Overview

Brief Summary

Caption

This is the only pipid present in Panama and has very rarely been observed.
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Comprehensive Description

Description

Pipa myersi is a flat-bodied frog measuring about 36 - 42mm in snout-vent length. It has a narrow triangular shaped snout in the dorsal view and a rounded mandible in the lateral view. The snout has a "transverse, chevron-shaped depression" and protrudes over the lower jaw when viewed from the side at eye level. Trueb describes the distance between the lower mandible and tip of snout as marginally less than half the distance from the snout to the front of the eye. The eyes are relatively large, widely set, and directed dorsolaterally on the head. The arms are stout and short in length. The skin is covered in densely packed, uniform-sized tubercles along the dorsum while more varied sized tubercles are spread sporadically across the head and limbs. The skin on the ventrum is also covered tubercles, depressed and of uniform size. There are four fingers on the forelimbs that have trifurcated digits with two nubby projections straddling a larger, central projection. Relative finger lengths are 1 < 2 = 4 < 3. There are five toes on the hind limbs that are almost completely webbed. Relative toe lengths are 1 < 2 < 5 < 3 = 4 (Trueb 1984).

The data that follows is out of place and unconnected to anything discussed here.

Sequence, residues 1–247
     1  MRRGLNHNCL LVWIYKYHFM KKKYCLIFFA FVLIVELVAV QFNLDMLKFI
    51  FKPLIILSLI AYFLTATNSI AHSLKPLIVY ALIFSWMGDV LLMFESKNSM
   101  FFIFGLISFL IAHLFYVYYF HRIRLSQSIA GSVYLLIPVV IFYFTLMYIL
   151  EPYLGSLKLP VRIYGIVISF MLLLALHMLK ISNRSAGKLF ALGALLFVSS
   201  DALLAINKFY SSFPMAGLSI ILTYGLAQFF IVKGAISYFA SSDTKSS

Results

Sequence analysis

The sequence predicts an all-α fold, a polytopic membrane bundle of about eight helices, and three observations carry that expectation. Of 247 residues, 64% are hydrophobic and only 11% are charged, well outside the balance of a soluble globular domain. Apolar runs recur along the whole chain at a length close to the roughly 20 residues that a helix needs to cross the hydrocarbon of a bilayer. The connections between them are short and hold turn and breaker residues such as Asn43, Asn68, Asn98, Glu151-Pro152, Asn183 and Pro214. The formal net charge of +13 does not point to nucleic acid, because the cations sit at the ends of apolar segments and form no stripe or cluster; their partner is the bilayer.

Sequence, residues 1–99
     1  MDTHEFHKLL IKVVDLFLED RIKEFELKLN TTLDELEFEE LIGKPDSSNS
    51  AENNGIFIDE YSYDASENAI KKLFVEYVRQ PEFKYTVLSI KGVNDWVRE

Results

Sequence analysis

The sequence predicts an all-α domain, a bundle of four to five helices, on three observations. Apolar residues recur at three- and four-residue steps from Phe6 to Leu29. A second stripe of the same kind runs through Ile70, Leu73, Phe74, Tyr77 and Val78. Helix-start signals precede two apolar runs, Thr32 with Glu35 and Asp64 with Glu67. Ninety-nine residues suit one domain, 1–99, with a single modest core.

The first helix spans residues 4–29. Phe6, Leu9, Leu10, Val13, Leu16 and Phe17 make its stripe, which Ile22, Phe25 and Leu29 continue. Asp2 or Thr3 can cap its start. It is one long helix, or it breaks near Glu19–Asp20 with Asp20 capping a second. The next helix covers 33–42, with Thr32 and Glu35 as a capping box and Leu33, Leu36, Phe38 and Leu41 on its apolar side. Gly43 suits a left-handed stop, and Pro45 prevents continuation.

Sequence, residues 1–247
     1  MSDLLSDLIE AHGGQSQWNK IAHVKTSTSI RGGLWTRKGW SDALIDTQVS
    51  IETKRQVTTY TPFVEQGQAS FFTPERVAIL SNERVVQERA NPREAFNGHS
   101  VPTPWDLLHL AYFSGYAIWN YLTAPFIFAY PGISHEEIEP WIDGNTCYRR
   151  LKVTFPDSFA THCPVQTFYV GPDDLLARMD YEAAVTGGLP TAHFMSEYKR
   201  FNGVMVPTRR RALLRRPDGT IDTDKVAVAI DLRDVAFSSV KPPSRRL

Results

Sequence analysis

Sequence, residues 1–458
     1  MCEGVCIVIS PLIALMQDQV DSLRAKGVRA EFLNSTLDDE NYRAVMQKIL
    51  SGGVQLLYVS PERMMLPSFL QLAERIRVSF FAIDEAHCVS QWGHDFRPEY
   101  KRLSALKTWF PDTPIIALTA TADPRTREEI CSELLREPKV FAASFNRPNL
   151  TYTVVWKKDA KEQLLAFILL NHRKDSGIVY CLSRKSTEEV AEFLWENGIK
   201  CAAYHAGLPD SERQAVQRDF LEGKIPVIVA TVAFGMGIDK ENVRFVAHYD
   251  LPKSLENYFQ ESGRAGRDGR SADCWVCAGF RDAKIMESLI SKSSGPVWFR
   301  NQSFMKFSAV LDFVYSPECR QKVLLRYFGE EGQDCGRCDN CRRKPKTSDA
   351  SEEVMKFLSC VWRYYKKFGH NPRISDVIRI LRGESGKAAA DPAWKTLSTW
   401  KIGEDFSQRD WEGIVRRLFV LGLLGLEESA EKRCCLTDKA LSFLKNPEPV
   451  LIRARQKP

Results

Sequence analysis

Pipa myersi is differentiated from sister species Pipa parva by having a denser collection of dorsal tubercles, a more rounded triangular shape of the snout and mandible, trifurcated digits, the absence of tubercles on the feet, lack of modification to skin around the mouth, ribs attached to transverse processes in adults, free-swimming, barbel-free, aquatic larvae, and lack of free, vestigial transverse processes for the coccyx (Trueb 1984).

In life, the dorsum is a dark grayish black and the venter is a grayish yellow. The irises appear pale bronze with brown-black speckling. Newly metamorphosed individuals were observed with a dark gray color with a silvery white peritoneum. When preserved, the dorsum appears reddish to gray-brown with dark brown spotting on hands and limbs. The venter is gray with red-brown spots on pectoral and gular areas concentrated about the mandible (Trueb 1984).